By Cactus Jane

One of the most relaxing things to do out here is take in the scenic drives. Cruising from village to village on long highways and county roads creates a zen-like joy. There’s something satisfying about racking up the miles with nothing but mountains and range land in view.

In the Big Bend, there’s hardly ever any traffic, and on some roads, there’s none at all! That’s especially true for roads in Brewster County.

Check out the Visitor’s building located on Hwy. 90 in Marathon. There’s all kinds of useful info! And be sure to download the Big Bend Audio Tour on your phone! You’ll be glad you did.

Highway 385 from Fort Stockton to Marathon is one of the quietest, most serene routes of all – in fact, all of 385 going south offers a completely different experience than most highway driving experiences.

The vast landscapes create the perfect recipe for melting worries away. Driving just never gets old out here.

Tales of the earliest European exploration began in 1581 with the Spanish entradas.

On these indulgent road trips, it’s hard not to wonder what things were like long ago, when there were horses and wagons instead of cars, or even longer ago, back to the days before the first Spanish entradas. Just what is the history of this land?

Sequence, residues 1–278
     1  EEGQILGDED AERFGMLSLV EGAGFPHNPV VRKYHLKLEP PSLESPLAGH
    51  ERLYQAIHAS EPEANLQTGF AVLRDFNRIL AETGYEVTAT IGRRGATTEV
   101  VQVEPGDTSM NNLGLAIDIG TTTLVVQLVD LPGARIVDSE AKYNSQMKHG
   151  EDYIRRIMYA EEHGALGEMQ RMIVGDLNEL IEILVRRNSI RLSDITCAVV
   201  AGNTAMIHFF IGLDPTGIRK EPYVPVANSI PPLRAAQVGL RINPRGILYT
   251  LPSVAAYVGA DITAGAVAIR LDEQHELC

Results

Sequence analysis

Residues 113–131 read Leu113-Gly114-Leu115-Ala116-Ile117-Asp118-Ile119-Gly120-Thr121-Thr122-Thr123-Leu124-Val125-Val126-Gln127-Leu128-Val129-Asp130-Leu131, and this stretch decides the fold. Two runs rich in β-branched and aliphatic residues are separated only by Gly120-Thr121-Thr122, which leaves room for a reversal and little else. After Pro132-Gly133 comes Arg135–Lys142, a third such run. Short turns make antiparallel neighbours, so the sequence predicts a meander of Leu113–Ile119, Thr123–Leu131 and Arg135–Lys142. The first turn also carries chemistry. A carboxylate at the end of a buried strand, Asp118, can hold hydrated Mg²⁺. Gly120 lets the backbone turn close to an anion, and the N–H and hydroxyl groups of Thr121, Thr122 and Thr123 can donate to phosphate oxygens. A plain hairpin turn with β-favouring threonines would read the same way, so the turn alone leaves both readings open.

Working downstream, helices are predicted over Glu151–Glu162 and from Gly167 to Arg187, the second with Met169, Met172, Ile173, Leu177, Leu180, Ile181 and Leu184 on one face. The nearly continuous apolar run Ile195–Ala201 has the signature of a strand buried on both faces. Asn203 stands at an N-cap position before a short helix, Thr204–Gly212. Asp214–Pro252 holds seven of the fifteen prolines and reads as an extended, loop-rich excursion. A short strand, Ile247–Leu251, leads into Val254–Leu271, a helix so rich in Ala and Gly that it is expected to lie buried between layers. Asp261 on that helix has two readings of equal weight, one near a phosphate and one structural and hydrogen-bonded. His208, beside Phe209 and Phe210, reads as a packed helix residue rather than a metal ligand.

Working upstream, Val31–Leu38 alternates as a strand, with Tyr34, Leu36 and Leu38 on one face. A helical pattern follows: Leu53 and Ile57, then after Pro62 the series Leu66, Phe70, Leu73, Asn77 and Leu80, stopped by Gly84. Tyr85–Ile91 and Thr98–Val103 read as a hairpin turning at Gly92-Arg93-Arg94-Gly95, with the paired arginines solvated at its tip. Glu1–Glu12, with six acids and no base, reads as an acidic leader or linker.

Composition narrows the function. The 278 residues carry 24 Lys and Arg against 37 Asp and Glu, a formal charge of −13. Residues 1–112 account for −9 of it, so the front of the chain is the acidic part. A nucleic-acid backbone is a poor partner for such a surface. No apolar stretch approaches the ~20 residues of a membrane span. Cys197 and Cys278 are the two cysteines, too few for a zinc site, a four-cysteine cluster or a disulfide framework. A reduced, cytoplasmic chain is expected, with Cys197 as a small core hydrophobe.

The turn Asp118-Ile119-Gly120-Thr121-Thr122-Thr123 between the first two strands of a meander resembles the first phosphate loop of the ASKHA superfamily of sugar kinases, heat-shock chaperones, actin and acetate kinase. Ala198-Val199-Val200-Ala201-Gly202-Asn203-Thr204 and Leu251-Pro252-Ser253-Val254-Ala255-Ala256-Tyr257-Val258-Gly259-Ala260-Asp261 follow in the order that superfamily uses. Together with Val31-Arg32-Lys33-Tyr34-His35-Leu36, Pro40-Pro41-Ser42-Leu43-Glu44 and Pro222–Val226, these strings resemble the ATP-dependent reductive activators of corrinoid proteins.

Visit Big Bend has answers for inquiring minds. They’ve gone all out with roadside stops.

They know visitors are burning up with inquisitiveness about the history, biology, geology and stories of this land. So, they’ve set up 15 beautiful storyboards on roadside pull-offs throughout the county.

When driving, pay attention for places to pull over and check them out. You’ll feel more enriched after learning how the mountains were formed, or what the prominent rock formations are (we know you’ve been wondering!), or learning about the first people on this land and how they lived.

Be sure to check out the signs on U.S. 385 north of Marathon, and trace the route of the Comanche war trail.

The signs are multi-media, with drawings, maps and photos relevant to the stories they tell. Creating them involved artists, scientists and historians, and each one went through lengthy fact-checking.

They make the drive much more interesting, satisfying all that curiosity about this amazing part of Texas. Plus, it’s fuel for the imagination!

The signs are located at great spots to stretch out and take a few pictures.

Another great addition for road trips out here is the Brewster County audio tour. It’s like having a tour guide in the back seat – but it’s all in a convenient, free phone app.

The roadside pull-offs can be good places to glimpse wildlife. This pronghorn harem was seen directly across from signs near Marathon.

Once the audio tour app, called Just Ahead, is downloaded, it works even when cell phones are out of range. Drivers can turn it on and off at will and it picks up based on location – it moves with you!

The guide tells interesting facts and stories along the drive.

Between the roadside signs and the Just Ahead audio tour, a drive through Brewster County is really unique experience. Taking it all in is a good way to make a daytrip.

Pack a lunch, some water, your cell phone with the audio tour downloaded, and bring a camera if you’ve got one! The views are great and you’re set for a day of road travel through time.